All these years later I can still feel the echoes of my fear.
Fear sparked by Hal, a large rage filled teenager with a chair raised high over his head, charging across my science classroom directly at me.
His rage and my fear were suddenly interrupted by the noise of smashing glass as the chair crashed into the low hanging overhead light fixtures. We were both stunned. The stunned silence was gradually transformed as one-by-one the 27 boys in my residential school’s classroom began to chuckle and then laugh uproariously. Hal and I looked each other and joined in the laughter. It was one of the many unforgettable experiences during the first year of my career of working with difficult to teach students.
Revisiting this dramatic incident continues to offer learning opportunities especially as new research on the brain deepens our knowledge and improves our hindsight.
During the few seconds of this event, my vision and hearing – all of my senses and all of my thoughts – were narrowly focused on Hal. The narrowing began a full half-second before I could actually comprehend what was happening. Fear and anxiety immediately narrows our senses and our thoughts focusing them on the threat in order to protect us (Siegel, 2012). Through out the incident I saw only Hal and the chair, because he was a real threat to my life. I was no longer a first year science teacher, I was prey and Hal was predator.
My thinking narrowed, because the primitive survival system of my brain (the fight-fight-freeze system) was turned on and the higher-level default system designed for human connection and well-being was turned off. Steve Porges (2011) describes this in detail with his polyvagal theory. Briefly, he states that the vagus nerve regulates three neurological levels designed to control our response to the environment. The highest and evolutionarily newest level is wired to connect us to one another, keep our heart rates low, and our immune systems functioning well. It does this mostly through the vagus nerve that regulates our heart, lungs, the tiny muscles in the middle ear used for focused listening, facial muscles that control eye gaze, and the muscles in the throat that regulate our voice tone. Perhaps you can see how voice tone, facial expressions, and focused listening can be the neurological foundation of how we connect with each other. The vagus nerve operates nonconsciously, out of our awareness because it plugs into the brain stem, which is far below the brain regions that allow us to have conscious control. Because I had a nonconscious neurological response to Hal, (Porges would call it a neuroception of danger), there was no “thought” in that first half-second. My body reacted before I could “think” about it, which included putting my hands up to protect myself and ducking from the flying glass.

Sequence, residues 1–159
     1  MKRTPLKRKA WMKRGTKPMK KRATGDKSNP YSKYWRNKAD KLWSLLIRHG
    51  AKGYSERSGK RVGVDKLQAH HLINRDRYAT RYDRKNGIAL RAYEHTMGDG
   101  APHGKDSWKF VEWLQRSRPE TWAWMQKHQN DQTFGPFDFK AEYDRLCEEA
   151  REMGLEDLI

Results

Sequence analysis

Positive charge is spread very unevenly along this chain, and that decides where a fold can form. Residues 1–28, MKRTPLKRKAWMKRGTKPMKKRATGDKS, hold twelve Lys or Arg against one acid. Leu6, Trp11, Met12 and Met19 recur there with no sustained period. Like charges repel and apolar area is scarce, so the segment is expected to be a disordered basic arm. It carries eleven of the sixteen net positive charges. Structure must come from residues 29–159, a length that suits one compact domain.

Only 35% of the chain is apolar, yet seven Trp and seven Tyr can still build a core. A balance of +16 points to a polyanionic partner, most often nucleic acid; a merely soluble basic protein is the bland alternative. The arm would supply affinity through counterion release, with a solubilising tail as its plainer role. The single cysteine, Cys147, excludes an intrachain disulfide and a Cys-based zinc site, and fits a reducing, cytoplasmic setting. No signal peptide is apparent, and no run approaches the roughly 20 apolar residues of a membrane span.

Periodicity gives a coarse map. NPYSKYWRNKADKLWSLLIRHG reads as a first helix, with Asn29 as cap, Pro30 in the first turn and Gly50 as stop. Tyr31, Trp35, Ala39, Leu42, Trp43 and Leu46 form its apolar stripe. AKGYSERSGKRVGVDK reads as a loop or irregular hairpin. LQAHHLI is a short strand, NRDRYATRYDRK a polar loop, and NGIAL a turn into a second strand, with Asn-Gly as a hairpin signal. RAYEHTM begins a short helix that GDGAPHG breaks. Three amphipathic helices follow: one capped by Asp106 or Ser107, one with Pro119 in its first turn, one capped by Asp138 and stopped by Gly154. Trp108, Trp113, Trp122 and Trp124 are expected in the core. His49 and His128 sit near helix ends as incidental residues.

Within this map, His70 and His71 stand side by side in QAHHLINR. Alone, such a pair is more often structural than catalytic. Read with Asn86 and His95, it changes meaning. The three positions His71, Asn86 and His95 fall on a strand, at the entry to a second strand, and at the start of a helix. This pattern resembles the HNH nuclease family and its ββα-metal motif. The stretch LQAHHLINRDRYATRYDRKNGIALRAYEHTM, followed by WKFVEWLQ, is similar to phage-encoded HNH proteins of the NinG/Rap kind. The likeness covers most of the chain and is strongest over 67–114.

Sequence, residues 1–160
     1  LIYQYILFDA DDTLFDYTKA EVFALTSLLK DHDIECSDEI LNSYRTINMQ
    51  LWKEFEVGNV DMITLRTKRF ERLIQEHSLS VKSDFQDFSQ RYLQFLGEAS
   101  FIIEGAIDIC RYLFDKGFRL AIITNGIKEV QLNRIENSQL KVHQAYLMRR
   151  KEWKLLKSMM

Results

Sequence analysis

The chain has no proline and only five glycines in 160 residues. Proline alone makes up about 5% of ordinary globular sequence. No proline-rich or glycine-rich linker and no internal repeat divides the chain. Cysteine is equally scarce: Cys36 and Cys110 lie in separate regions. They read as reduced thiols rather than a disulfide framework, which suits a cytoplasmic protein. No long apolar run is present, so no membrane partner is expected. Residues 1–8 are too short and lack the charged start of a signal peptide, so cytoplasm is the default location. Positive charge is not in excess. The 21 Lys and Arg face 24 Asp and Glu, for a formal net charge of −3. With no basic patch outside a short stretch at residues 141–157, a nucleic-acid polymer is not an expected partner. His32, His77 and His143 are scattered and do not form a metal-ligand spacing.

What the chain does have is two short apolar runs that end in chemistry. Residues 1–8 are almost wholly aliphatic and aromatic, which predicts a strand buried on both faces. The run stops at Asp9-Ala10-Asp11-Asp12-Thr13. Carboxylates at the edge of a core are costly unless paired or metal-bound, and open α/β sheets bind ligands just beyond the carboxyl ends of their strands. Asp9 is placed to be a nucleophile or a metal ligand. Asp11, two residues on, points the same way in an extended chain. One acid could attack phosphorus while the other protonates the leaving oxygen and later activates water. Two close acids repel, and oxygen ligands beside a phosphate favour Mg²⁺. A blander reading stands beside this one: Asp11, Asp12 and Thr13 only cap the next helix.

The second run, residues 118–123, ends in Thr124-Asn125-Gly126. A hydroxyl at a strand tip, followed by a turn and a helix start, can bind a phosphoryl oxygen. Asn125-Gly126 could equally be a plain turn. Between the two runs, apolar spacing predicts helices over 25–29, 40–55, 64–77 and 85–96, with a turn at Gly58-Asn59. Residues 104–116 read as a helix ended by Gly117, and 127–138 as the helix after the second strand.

The nonconscious default system that is designed to keep us connected and reasonably relaxed is incompatible with what is needed when we are under attack. The default system shuts down as the second and more primitive amygdala and the fight-flight-freeze system turns on – that was when I turned from science teacher to prey. When this happens, long-term well-being is sacrificed for short-term survival (Cozolino 2013). Short-term survival was definitely a good thing for me, but it had long-term consequences when my fear morphed into chronic anxiety. Had Hal’s chair not hit the light fixtures it is possible that the third and most primitive part of the vagus nerve would have clicked on. This ancient system, present in almost all animals, is designed to protect us from predators by faking death. In other words I would have fainted dead away.